Coming to a Theater Near You: Netflix
WHY YOU SHOULD CARE
Because one of the world’s biggest entertainment companies is aiming higher.
By Anna Nicolaou
Alfonso Cuarón, the acclaimed director of Gravity, arrived in Toronto this week to promote his first film in five years. Roma, an intimate drama set in 1970s Mexico and shot in black and white, has been described as a “masterpiece,” winning the grand prize at the Venice Film Festival and instantly becoming a contender for the Academy Awards.
But the film has perhaps garnered just as much attention for being distributed by Netflix, which has stormed the autumn festivals in recent weeks as it aims for a standout success in film — a format that has not lent itself as easily to streaming as television. While series such as Stranger Things and Orange Is the New Black made Netflix a singular force in TV, it has yet to repeat that performance with movies.
“For the past year, [Netflix] has been the topic of conversation at most meetings,” said the chief executive of a film financing company. “At first there was this glorification … that Netflix was saving the business. Then there was backlash. And now we’re in this period of questioning: What exactly are they doing?”
Netflix wants to change that view. A year and a half ago, it hired producer Scott Stuber to develop its film business. This autumn will be the first big test of Stuber’s strategy, as a number of projects under his watch debut in the coming months.
Netflix releases its films online at the same time as in cinemas — if they place them there at all — which has infuriated cinema owners.
The Toronto International Film Festival, which has become an unofficial start, with six months to go, to the Oscars race, welcomed Cuarón with a lavish red carpet gala, where he dutifully thanked Netflix executives for “bringing this film to the world.” Roma, one of Stuber’s first projects to hit the screens, is set to be shown nine times in Toronto as part of a marketing blitz by Netflix, and observers speculate it could finally yield the company a coveted best picture nomination.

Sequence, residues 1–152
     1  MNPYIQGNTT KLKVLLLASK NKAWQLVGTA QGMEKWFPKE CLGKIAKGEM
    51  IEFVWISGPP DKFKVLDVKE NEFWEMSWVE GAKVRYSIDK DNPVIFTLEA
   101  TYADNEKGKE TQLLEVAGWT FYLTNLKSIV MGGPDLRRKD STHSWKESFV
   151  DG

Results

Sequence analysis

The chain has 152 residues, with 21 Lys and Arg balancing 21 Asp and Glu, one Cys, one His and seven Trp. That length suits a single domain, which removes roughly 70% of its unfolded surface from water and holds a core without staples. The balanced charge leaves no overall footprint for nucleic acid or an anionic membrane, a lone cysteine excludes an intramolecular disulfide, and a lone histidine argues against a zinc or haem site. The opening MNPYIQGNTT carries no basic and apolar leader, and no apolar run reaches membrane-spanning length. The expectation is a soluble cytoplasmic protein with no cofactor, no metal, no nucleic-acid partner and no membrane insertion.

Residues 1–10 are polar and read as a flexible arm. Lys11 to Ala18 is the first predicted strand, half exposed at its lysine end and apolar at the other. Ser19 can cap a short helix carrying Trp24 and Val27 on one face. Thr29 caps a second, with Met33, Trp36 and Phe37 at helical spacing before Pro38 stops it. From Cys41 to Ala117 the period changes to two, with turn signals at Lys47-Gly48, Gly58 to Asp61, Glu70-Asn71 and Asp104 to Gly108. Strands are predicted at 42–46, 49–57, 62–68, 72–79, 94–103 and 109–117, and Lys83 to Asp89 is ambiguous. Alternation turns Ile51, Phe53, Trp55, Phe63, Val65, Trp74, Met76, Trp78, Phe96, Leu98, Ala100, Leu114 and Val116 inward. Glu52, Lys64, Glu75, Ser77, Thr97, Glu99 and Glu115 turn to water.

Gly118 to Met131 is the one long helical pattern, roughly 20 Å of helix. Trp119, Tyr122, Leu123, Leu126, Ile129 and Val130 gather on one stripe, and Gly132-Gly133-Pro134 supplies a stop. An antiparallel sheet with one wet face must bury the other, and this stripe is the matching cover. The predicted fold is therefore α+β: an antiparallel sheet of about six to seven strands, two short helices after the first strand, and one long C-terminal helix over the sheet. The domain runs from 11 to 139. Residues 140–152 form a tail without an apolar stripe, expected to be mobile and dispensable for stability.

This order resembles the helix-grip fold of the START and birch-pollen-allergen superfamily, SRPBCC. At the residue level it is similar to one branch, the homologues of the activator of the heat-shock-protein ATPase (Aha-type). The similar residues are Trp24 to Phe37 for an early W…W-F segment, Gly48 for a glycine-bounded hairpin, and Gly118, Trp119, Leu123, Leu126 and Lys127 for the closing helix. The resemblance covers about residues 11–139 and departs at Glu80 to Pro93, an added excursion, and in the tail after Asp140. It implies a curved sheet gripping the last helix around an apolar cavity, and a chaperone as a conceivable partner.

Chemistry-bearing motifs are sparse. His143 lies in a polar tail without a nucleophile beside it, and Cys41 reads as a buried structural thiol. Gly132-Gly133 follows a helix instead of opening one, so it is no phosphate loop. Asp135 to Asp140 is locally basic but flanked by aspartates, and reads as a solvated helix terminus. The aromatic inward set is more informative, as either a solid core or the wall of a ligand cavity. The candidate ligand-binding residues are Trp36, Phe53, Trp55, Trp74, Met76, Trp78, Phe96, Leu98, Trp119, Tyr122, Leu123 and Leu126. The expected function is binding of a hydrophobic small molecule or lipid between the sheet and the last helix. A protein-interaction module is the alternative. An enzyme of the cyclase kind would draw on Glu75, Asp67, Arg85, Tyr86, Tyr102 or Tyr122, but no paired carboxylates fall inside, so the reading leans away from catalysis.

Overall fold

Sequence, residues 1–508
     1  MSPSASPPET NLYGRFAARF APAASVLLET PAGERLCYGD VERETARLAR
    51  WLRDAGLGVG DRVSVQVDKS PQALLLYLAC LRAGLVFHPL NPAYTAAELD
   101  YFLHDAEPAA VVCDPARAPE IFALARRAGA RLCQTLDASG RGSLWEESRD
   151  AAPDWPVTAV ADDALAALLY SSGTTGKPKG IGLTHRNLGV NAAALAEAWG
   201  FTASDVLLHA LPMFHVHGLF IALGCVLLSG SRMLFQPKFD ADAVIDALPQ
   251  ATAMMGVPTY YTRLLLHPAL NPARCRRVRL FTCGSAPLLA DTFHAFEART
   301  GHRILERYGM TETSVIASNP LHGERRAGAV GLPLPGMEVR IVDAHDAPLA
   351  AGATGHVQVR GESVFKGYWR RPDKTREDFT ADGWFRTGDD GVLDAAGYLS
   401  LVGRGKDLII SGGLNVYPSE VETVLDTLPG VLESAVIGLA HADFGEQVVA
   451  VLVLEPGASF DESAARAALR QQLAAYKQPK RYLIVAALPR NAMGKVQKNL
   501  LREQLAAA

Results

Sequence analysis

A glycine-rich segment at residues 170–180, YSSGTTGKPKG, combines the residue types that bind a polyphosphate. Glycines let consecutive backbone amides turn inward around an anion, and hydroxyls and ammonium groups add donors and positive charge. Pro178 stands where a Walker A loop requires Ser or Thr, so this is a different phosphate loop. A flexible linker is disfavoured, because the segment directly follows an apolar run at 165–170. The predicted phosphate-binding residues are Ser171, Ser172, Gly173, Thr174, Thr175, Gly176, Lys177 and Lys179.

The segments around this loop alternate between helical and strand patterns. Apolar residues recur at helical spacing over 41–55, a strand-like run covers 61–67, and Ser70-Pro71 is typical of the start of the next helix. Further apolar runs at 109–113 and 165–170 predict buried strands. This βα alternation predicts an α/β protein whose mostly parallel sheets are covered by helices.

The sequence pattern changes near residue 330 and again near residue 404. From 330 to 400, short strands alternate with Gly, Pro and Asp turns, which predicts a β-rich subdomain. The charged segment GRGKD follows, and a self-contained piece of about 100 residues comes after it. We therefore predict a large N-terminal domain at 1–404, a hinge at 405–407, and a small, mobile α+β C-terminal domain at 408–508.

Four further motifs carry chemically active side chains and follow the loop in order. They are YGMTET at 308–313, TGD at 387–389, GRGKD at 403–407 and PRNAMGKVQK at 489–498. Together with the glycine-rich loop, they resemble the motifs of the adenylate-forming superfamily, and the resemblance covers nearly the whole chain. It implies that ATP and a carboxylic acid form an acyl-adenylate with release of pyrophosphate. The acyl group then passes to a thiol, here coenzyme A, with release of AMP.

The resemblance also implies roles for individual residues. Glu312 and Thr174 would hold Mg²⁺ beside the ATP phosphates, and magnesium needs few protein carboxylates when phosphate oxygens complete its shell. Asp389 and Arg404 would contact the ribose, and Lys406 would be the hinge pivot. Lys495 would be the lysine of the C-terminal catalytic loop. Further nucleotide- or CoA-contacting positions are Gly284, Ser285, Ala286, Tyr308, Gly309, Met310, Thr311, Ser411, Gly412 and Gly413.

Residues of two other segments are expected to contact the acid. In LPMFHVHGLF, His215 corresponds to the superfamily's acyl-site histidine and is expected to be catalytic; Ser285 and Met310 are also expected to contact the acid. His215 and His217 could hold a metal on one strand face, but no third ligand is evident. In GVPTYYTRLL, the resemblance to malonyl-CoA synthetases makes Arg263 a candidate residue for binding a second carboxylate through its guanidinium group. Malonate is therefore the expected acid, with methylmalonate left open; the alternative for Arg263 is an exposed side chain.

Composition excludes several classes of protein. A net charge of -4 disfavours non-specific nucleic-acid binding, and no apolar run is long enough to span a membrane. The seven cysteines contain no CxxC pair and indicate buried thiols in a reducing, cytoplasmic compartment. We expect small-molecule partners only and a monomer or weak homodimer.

The push comes at a crucial time for Netflix, whose years-long stock rally was abruptly halted this summer after the company revealed a rare miss in quarterly subscriber growth — more than $20 billion was wiped from its market value minutes after the news broke. However, despite the slowdown, Neftlix gave no indication that it would cut spending this year; rather, it insists that investing in new content is the key to attracting customers.
Analysts agree. “Having great movies that are exclusive to the platform is absolutely critical,” said Rich Greenfield, analyst at BTIG. That said, “it’s really early … [and] we haven’t seen any of [Stuber’s] films come out yet.”
The company has taken on more than $8.3 billion in long-term debt to fund its original content and expects free cash outflows of as much as $4 billion for 2018. Ted Sarandos, chief content officer at Netflix, promised investors in July that its films would become as successful as its TV shows, “but it will take another year or so as we get into it.”
Netflix’s presence hung heavily over Toronto this week as Roma’s rapturous reception reignited a debate about the future of the movie business. The company brought eight films to Toronto, including Outlaw King, a Scottish war drama that opened the festival — the first time a big festival has given the highest-profile slot to any streaming service. It was also very much in evidence at the Venice and Telluride festivals a few weeks ago.
This was in sharp contrast with its Cannes experience earlier this year. Cannes’ leadership banned Netflix films from competing for awards unless it showed them in French cinemas. Netflix refused and pulled out of the festival entirely.
The sticking point was that Netflix releases its films online at the same time as in cinemas — if they place them there at all — which has infuriated cinema owners. Netflix has been firm in this strategy, but it has been rumored that the company might compromise and give Roma a traditional cinema release in its Oscar quest. Netflix has not yet made this decision on Roma, according to industry executives familiar with the matter.
Amazon and Apple also descended upon Toronto, which, like Sundance, is a showcase for awards-worthy movies that have not yet secured distribution deals. Netflix also competes against established studios such as Universal Pictures, Walt Disney, 21st Century Fox and Warner Bros.
Some filmmakers argue that Netflix and Amazon are funding smaller films that the studios have turned away from in favor of big blockbusters. Producer James D. Stern worked with Netflix on the films Come Sunday and The Discovery, and “in both cases, I’m not sure those films would get made at all without Netflix,” he says.
Distributing with Netflix also makes for “a lot less pressure,” says Stern, who produced The Old Man and the Gun, a Robert Redford Western that premiered in Toronto this week. “You can make the right film for the right money without dying on opening weekend because you’re looking at every ticket.”
Additional reporting by Tim Bradshaw in Los Angeles
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